Silk Road is down. Its owner, Dread Pirate Roberts, has just been busted by the FBI. How? He got sloppy with his social media accounts.
A few hours ago, visitors to the darknet site were greeted with this notice, above.
10th anniversary of 4chan + Silk Road shuttered the same day = at first one thinks this is an amazing troll— Ales Kot (@ales_kot) October 2, 2013
Some thought this was a joke, timed to coincide with the shutdown of the US government. As details trickled out, Reuters confirmed that the FBI had raided the site and arrested its owner, Dread Pirate Roberts – revealed to be a 29-year-old called Ross William Ulbricht.
Ulbricht has been charged with one count each of narcotics trafficking conspiracy, computer hacking conspiracy and money laundering conspiracy.
Clearly, Ulbricht had no idea this was coming – just last week, he was being interviewed by The Daily Beast. A charge sheet obtained by online security blog KrebsOnSecurity, reveals how the FBI busted Ulbricht. To whit: they traced his Google + and LinkedIn accounts.
An agent working on the case traced the earliest post about Silk Road to a drug forum on shroomery.org, an informational site catering for users of magic mushrooms.
There, he found ‘altoid’ – a newbie user with only one post, which listed the address of Silk Road. “I came across this website called Silk Road… I’m thinking of buying off it,” altoid writes. “Let me know what you think.”
Two days later, altoid turned up on bitcointalk.org, a forum for discussion of the online currency.
“Has anyone seen Silk Road yet?” altoid asked, again listing the address of the site. “It’s kind of like an anonymous amazon.com […] Let me know what you guys think.”
Approximately eight months later, altoid re-appeared on bitcointalk.org, looking to hire an “IT pro in the Bitcoin community” for his start-up. (Cue hubristic music.) altoid went on to list a personal email address: email@example.com.
I am creating an economic simulation to give people a first-hand experience of what it would be like to live in a world without the systemic use of force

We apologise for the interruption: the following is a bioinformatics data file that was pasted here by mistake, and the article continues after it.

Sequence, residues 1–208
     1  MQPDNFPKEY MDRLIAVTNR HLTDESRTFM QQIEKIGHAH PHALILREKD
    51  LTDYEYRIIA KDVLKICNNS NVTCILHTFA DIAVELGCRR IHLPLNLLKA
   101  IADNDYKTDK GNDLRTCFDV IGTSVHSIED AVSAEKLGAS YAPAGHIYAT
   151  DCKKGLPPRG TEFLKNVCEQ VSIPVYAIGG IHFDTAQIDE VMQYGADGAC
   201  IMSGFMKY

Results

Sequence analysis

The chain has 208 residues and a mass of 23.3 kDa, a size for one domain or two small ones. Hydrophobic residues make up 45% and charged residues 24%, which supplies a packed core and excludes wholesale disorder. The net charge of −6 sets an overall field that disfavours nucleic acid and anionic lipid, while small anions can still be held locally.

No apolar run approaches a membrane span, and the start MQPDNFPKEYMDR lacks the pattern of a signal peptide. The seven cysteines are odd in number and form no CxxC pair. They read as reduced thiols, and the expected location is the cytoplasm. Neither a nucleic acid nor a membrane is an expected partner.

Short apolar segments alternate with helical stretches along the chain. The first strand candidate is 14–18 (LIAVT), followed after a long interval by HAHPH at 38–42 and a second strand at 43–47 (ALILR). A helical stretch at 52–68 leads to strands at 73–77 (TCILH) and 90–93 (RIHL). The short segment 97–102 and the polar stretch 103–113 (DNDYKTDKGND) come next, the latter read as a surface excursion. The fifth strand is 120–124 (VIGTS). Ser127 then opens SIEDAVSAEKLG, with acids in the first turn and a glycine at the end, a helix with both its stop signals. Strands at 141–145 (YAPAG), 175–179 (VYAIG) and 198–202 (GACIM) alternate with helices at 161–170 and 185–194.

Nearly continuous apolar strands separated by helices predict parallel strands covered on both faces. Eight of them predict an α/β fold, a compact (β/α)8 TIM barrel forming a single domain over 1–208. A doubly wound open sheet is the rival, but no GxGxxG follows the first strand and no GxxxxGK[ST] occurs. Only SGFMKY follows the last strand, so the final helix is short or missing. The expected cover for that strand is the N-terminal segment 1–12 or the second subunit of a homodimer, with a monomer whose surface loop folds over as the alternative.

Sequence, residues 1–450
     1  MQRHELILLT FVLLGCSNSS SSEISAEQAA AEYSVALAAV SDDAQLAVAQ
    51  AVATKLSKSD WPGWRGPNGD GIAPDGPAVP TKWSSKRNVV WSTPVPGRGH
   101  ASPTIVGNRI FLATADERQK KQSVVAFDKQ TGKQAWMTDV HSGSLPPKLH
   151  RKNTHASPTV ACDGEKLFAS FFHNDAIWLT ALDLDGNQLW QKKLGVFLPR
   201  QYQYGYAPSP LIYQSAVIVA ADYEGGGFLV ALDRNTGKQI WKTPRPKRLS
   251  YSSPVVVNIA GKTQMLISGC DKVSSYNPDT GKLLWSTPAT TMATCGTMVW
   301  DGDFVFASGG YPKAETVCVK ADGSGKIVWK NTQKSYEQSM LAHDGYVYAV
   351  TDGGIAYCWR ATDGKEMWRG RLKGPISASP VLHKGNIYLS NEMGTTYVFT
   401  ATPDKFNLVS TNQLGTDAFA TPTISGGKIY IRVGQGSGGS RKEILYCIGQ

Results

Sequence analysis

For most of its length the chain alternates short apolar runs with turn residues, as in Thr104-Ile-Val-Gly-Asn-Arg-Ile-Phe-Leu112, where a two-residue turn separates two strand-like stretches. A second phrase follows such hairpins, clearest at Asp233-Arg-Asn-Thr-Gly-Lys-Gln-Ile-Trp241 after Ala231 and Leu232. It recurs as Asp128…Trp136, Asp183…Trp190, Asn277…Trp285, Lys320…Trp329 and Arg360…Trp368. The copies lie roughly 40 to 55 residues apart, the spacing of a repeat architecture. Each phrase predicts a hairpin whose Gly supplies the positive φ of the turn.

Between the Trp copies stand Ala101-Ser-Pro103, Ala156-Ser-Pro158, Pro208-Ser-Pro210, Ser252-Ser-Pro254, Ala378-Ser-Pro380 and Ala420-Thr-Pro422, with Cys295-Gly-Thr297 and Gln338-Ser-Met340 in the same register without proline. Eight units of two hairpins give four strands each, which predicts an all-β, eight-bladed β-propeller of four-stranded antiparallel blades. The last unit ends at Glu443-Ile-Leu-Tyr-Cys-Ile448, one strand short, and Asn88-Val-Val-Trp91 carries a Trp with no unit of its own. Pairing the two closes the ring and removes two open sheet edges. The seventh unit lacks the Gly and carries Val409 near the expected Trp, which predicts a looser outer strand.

The FBI traced the address to the LinkedIn and Google + profiles of a 29-year-old physics graduate called Ross William Ulbricht. “I am creating an economic simulation to give people a first-hand experience of what it would be like to live in a world without the systemic use of force,” his LinkedIn profile states.
When Canadian border control discovered nine fake IDs en route to Ulbricht's San Francisco address (ostensibly purchased in order to buy more servers for Silk Road), it confirmed the feds' suspicions: Ulbricht was Dread Pirate Roberts.
According to the charge sheet, Ulbricht has been Dread Pirate Roberts since the site’s conception in 2011, generating over $80 million in commissions from $1.2 billion in sales of black market goods.
Apparently it costs between $80-300K to wack someone via the Silk Road complaint. Insane. pic.twitter.com/mwYhcx38Xw— Nick Quaranto (@qrush) October 2, 2013
It also reveals that Ulbricht paid $150,000 to arrange the assassination of a Canadian Silk Road user who was threatening to expose the identities of thousands of SR vendors, although law enforcement authorities have no record of a homicide at the address Ulbricht supplied to an assassin-for-hire.
Just walked past a man in the street openly crying in Hackney. He's obviously heard about Silk Road being shut down too.— Colin Roberts (@crablin) October 2, 2013